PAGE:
Private Collection, United States
Ferdinand Loyen du Puigaudeau was born in 1864 in Nantes, a city in western France along the Loire River. He received art training at a young age and travelled extensively to Rome, Flanders, and Venice. When he finally returned to France in 1888, he settled in Pont-Aven and resided at the Pension Goanec, an inexpensive hostel where he met Paul Gauguin, Emile Bernard, and Charles Laval.
While influenced by many artists with whom he lived and painted, Puigaudeu’s work is distinctive. He attempts to convey both the symbolism as well as the poetry of nature with harmonious colours that seem almost ethereal at times. Puigeaudeu often painted the same scene at different times of the day to explore the play of light in much the same way as Claude Monet experimented with the effect of light.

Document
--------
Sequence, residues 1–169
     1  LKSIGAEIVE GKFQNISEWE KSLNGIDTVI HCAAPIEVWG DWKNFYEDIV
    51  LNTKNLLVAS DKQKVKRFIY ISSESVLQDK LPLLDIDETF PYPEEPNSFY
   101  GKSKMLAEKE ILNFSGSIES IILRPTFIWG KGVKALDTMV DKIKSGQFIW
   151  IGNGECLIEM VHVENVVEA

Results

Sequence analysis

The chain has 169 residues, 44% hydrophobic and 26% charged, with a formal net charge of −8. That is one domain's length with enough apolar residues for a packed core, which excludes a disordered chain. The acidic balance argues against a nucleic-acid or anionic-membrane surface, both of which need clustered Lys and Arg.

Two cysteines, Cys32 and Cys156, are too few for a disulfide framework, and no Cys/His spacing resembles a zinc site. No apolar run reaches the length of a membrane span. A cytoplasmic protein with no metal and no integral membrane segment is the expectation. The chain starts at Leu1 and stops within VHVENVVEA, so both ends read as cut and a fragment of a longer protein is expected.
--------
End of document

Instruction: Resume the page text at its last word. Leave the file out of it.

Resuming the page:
Puigaudeau was greatly influenced by the work of Claude Monet and Paul Renoir. The artists from Europe as well as the Americas who travelled to Brittany to paint were attracted to the region by its religious traditions, its mythical practices and culture. This École de Pont Aven gave birth to a new style of painting which was characterized by an emphasis on the vividness of colour, spatial arrangements that were greatly simplified, and by forms that were sharply delineated.